An ISO assessment can be a difficult time for anyone, regardless of their experience. This article gives you an insight into what to expect on assessment day.

Every day we deal with many customers going through an ISO assessment. Some customers pass their assessments with flying colours, while others struggle to make it over the line. There will often be findings, but don’t panic; our assessors will ensure you are clear on what needs to be resolved. The critical thing is not to worry if you do have findings, it is not the end of the world, and they can be resolved.

And most importantly, make sure you gain value from the process, get involved and ask lots of questions.

Before the ISO Assessment

The best thing you can do before an ISO assessment is to plan; there are certain activities you should undertake to ensure you are in the best shape possible.

You will have received an audit plan from the lead auditor that outlines the assessment process and which areas will be covered, and at what time. Read this thoroughly, then reread it. Ensure that you understand what is required of you during each assessment stage to avoid surprises for yourself or the ISO auditor. If you don’t understand something, contact them immediately and ask them to explain further or provide some documentation to help with your understanding.

Block your calendar out for the entire assessment period and make sure your staff do the same, especially if the process being assessed is their responsibility. Make everyone aware that you’re going through this process and why it occurs. The auditor will speak to various personnel, so everyone should be prepared.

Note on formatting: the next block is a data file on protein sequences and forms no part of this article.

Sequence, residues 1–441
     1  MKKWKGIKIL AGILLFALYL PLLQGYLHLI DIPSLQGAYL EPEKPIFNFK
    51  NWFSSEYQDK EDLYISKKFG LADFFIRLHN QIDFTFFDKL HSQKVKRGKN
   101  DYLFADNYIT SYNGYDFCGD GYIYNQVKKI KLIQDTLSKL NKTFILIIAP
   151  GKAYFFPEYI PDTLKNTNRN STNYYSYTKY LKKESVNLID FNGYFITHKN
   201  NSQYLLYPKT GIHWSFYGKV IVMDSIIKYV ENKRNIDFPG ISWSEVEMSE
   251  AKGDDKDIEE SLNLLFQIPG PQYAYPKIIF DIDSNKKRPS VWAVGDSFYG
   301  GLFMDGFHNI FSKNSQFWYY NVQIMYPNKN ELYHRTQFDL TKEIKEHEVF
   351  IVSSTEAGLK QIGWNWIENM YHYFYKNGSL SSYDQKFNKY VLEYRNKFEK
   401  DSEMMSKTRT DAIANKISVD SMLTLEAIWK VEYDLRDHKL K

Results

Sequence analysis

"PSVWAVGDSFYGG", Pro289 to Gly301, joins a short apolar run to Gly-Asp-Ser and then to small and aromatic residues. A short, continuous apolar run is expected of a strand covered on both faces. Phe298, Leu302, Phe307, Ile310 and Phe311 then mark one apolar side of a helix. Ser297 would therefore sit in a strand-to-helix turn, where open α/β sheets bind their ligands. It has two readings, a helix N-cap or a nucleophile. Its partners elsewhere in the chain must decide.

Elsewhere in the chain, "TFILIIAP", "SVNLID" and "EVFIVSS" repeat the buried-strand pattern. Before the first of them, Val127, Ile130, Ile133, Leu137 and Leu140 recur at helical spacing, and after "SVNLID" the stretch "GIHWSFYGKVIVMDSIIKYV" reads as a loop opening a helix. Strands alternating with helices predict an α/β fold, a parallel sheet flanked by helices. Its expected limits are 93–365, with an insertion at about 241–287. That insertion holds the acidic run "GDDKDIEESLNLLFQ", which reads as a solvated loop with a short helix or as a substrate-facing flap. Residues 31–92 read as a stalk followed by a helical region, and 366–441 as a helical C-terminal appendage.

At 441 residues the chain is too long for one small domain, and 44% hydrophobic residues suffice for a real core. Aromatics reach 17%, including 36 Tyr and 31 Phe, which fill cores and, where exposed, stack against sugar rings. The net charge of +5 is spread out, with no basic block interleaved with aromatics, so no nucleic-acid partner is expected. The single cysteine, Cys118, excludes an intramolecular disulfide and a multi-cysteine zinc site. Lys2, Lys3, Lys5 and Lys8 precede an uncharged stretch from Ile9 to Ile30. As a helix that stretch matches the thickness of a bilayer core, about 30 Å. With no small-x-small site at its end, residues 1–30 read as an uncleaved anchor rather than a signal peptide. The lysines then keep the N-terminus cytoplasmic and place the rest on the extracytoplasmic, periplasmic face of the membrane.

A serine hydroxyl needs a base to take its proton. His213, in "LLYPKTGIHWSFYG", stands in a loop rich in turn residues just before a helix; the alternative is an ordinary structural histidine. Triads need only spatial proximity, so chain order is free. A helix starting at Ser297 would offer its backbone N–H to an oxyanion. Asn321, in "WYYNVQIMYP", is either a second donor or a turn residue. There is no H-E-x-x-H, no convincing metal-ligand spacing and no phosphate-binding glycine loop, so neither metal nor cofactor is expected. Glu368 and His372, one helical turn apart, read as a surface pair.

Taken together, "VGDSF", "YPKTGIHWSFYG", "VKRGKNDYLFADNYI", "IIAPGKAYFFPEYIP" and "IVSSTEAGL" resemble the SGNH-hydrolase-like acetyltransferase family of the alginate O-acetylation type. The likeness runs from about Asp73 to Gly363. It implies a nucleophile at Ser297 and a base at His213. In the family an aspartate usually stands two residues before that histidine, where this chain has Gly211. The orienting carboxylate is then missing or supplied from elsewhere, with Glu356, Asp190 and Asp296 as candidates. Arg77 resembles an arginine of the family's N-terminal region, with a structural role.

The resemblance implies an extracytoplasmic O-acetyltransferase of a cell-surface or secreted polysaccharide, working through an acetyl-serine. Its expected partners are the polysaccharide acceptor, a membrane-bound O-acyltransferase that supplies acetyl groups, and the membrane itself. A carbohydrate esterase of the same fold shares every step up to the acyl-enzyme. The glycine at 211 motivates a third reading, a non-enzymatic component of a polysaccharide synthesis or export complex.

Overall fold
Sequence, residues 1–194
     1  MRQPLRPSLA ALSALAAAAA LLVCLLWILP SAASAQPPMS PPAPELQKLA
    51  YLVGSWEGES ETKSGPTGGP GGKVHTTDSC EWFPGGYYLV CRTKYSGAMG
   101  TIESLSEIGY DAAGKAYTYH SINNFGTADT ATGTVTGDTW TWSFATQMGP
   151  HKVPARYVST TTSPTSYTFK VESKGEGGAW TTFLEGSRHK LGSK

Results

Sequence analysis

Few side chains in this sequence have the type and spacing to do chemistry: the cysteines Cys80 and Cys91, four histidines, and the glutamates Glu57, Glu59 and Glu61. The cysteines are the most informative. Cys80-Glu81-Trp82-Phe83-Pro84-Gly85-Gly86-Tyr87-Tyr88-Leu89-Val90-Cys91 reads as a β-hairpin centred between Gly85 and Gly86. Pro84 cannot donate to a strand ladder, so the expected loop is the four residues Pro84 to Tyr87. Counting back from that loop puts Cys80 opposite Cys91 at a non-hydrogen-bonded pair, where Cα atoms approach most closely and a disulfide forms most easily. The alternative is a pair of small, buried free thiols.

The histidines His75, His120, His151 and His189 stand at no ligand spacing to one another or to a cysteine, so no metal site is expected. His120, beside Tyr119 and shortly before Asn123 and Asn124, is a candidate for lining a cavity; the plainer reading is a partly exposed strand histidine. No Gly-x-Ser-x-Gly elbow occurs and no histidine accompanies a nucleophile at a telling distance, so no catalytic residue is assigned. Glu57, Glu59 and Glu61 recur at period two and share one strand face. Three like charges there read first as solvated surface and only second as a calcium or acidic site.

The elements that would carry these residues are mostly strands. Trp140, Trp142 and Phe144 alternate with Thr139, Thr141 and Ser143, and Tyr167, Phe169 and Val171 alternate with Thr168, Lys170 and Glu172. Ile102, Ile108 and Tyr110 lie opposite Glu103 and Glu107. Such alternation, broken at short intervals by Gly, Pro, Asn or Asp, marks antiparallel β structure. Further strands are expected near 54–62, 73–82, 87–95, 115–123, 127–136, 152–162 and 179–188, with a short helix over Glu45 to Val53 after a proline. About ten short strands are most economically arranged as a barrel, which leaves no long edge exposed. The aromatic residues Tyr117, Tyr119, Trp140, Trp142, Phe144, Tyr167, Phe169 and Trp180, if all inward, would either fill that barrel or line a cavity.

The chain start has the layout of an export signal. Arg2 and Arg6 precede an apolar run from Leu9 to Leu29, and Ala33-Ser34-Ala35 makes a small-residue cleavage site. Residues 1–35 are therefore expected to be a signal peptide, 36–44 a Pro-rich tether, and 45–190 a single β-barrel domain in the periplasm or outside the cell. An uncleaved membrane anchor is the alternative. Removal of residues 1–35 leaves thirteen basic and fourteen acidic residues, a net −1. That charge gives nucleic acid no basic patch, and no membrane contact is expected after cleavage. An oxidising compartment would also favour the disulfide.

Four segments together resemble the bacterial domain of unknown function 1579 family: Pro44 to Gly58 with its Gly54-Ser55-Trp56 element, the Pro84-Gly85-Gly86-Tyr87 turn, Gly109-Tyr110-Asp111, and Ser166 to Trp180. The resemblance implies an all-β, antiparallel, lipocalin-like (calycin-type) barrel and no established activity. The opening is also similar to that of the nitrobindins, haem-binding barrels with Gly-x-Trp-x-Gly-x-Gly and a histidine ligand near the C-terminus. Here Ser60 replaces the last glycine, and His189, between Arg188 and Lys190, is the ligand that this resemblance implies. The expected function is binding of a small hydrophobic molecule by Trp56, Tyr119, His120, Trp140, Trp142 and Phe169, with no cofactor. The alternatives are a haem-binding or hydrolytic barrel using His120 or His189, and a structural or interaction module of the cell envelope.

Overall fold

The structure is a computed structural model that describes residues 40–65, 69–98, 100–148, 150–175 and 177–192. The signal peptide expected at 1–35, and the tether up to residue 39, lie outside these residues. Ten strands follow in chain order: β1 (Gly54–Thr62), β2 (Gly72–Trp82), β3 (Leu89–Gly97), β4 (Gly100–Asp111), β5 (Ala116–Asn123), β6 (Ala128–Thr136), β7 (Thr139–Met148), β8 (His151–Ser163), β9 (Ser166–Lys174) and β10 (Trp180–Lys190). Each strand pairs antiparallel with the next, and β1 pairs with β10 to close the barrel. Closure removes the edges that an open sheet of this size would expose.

Tell everyone to be honest, they will be asked questions, and sometimes they will not know the answer. The worst thing they can do is lie as they get caught out. The questions being asked are not there to trick anyone; they are there to gather information, and if you don’t know the answer, just say it. The chances are someone else will know the answer.

During the Assessment

The big day arrives, and your auditor should turn up at least 15 minutes before the planned start time; this allows them to sign in and get set up. If the plan says to start at 9am, don’t turn up yourself at 9am; get in 30 minutes before and settle before they arrive.

A cup of tea or coffee always goes down well, and it gives you both a chance to exchange some pleasantries and become more comfortable.

Interviewing Members of Staff

A large part of an assessment involves other organisation members; the auditor will need to speak to many different people throughout the assessment.

Tell all staff to be open and not be afraid to communicate with auditors. Although this sounds counter-intuitive, having open communication about an issue is actually a very effective way of dealing with it.

If you are currently busy with a client or customer, inform the auditor as soon as possible so they can reschedule you for another time in the day. Auditors are used to rescheduling parts of the assessment.

Although auditors try not to use jargon, sometimes they use terms that are industry standard definitions, but it doesn’t mean that’s what you call them. Tell the assessor if they ask for a document that sounds similar to something you have. For example, if you don’t have a staff manual but have an employee handbook, mention both of these and explain the differences between them.

If you find yourself in an awkward position where it appears that the auditor believes one thing, but you know it as something else, do not be afraid to speak up. Say something along the lines of “I just want to make sure we are on the same page here…”

Do not get stressed or defensive when being questioned about some of the processes you have in place for your business. The assessor is not there to judge whether or not you are an excellent manager; they are simply looking at the systems you have put in place and how effective these are.

Answer questions as precisely as possible and offer examples where necessary, so long as they do not give away any commercially sensitive information. Auditors will not share sensitive data due to confidentiality agreements, but keep it to a minimum.